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Old September 26, 2008, 09:29 PM   #2
George Hill
Staff Alumnus
 
Join Date: October 14, 1998
Location: North Carolina
Posts: 11,547
Gear Observations: Dimitri was a genius when he busted out elbow and knee pads... and then a saint when he let me use them to help my busted knee. I think brining knee and elbow pads is a great idea... and I would recommend bringing them. Since you spend a great deal of time in the prone, bring a pad of some sort to lay on.
The Remington XCR Compact Tactical performed very well... but it wasn't perfect. First thing I had to get done was to build up a check rest. This allowed me to be more consistent with my positioning. I had a hard time loading the 4th round in the magazine. Sometimes it would load #4 with no problem, other times, it would jam it up and you would have to dump all the rounds. The good trigger got better as the class went on.
The PFI RR800-1 scope was brilliant. I really like this scope, and I really like this rifle/scope combination. The accuracy potential is impressive. The yardage marks in the scope made hitting much easier. You still have to find your range, calculate your wind... and your scope will tell you where to hold for the shot. Because you zero this scope for 100 yards, and the one hundred yard line is so high, it is a little different holding the gun on that mark... you naturally want to hold for 400 yards, the center of the reticle. But don't do it... hold where PFI suggests and you will be DNO... Dead Nuts On. That is, you will be DNO if you bring ammunition that falls within PFI's suggested performance range. Unfortunately I brought the wrong ammo for the task at hand. I brought with me Winchester Super-X 150 grain cartridges. Here is what I learned. The rate of twist is not good for 150 grainers and Winchester Super-X loads are inconsistently loaded. This is a statement that I make in the same tone as saying getting kicked in the balls hurt. It's not just obvious, to you, but it's obvious to all those around you. The ballistic coefficient of these soft points are horrible. They have roughly the same drag as a Pontiac Aztec with the parking brake on. They bleed energy to the point that after about 500 yards, the bullets hardly any mark on the steel plates we were shooting at. You will want to use heavier bullets, and you will want those loads to be Match Grade... regardless of weapon or caliber. If you can't get Match ammunition, get the next best thing.... and by that I mean not ammunition from Remington or any Winchester White or Silver boxes. Get Hornady. If not Hornady TAP, then Hornady Custom. If you can't get Hornady, then Black Hills. If you can't get Black Hills, then get Federal Premium or Federal Fusion. These rounds have higher BC's than others, and more importantly are loaded more consistently. Don't skimp on your ammo, get the best you can. Not just that, but get a lot of it. I went through damn near 400 rounds. That's a lot. If you reload, pay extra attention to your loading and craft each cartridge with the utmost attention to detail, using the best components... and make sure they work in your set up.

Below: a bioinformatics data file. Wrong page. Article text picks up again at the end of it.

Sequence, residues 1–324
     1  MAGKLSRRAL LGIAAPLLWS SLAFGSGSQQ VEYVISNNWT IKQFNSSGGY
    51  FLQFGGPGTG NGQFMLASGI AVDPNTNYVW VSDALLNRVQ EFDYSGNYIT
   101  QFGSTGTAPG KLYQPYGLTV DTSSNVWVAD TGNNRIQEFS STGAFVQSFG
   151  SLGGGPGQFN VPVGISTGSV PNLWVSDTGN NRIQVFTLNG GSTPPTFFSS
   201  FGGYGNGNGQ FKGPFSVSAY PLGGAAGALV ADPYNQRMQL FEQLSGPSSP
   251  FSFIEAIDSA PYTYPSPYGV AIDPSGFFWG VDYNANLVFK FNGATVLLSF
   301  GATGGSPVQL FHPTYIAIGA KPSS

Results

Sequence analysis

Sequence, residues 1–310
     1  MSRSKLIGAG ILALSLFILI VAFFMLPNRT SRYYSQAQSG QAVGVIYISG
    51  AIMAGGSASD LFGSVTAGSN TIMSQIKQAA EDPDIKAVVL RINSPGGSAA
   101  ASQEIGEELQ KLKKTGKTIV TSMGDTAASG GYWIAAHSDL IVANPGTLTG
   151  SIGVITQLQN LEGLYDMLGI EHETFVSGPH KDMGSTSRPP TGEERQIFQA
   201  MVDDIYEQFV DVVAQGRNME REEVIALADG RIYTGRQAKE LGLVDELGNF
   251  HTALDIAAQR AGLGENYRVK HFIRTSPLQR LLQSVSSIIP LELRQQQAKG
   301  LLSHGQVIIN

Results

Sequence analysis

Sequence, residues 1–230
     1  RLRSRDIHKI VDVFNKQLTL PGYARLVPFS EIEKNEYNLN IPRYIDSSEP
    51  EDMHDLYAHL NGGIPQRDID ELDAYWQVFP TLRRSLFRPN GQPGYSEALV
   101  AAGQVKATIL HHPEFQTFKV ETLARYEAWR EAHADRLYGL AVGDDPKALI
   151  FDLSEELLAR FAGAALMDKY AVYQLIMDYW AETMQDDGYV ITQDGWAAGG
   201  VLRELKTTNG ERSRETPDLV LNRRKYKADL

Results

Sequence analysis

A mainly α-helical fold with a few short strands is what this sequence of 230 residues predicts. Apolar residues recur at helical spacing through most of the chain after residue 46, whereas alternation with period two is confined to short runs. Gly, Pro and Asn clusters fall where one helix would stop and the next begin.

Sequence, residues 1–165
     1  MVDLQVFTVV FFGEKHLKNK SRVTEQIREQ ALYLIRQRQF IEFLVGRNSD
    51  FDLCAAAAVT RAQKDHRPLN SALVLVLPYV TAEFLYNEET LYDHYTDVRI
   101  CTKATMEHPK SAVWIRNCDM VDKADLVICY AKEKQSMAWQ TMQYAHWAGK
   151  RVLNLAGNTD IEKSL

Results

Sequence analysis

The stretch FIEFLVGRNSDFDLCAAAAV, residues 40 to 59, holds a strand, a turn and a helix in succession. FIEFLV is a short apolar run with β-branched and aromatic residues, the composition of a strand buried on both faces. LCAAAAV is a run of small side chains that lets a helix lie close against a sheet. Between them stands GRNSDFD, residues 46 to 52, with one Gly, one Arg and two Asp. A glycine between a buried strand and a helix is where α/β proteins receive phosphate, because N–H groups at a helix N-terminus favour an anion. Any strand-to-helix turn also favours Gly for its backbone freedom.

While, the ammunition that I used was different from PFI's suggestion, The PFI scope worked quite well. At 100 yards, I zeroed for the 100 yard mark. At 200 yards, the scope was DNO. At 300 yards, this is where the ballistics departed from PFI's ranges and to hit at 300 I held for 250 yards. So I found my Dope for 300. I wrote that down in my data book.
Did I mention your data book? Bring a new one to this class... and consider starting from scratch if you already have one you are working on. Because the cats at LRI are going to give you more information that you are going to want to track. Go to staples and get a small spiral bound note pad, a good pen, and a mechanical pencil for drawing range cards.

LRI showed us a few interesting things. One being, scope failures. We had a number of scopes **** the bed at the LRI course. We had a Burris crap out on one individual. We had two Leupold Mk IV Tacticals go down. I had a Leupold Vari-X III fail me... luckily it was zeroed when it stopped adjusting so it's stuck... but where I needed it anyways. So I'll deal with that later. Does this mean Burris and Leupold scopes wont hold up? Not hardly. Anecdotal evidence is just observations regarding one scope on one gun and you don't know what may have happened to the scope before the failure. I have seen these scopes on other guns go through hell and back. Eventually, every scope will fail. That's just going to happen. It's only a matter of time. My Vari-X III is an ancient early example of the breed. It's been fired more than any scope should have to endure.. and it's still shooting. Hell, I killed 4 prairie dogs with it on my lunch break after I zeroed another gun. One thing that can lead to an early failure of a scope, is improperly mounting. The rings and scope have to be aligned perfectly or you get uneven pressure and stress through the tube. There are lots of very subtle factors at play here... but they amplify each other during recoil. Another thing that can lead to a failure is environmental stresses. Are you leaving your scoped rifle in your trunk during the heat of the day, then shooting the hell out of it? Do you thing that scope will live a long life like that? We can't control the process of manufacture or the quality control that went in to your individual scope... but we can control how we treat it. Your scoped rifle is a precision instrument... you have to treat it as such.
Photos from the course can be found here:
http://longrangeinternational.com/fo...php?f=22&t=398
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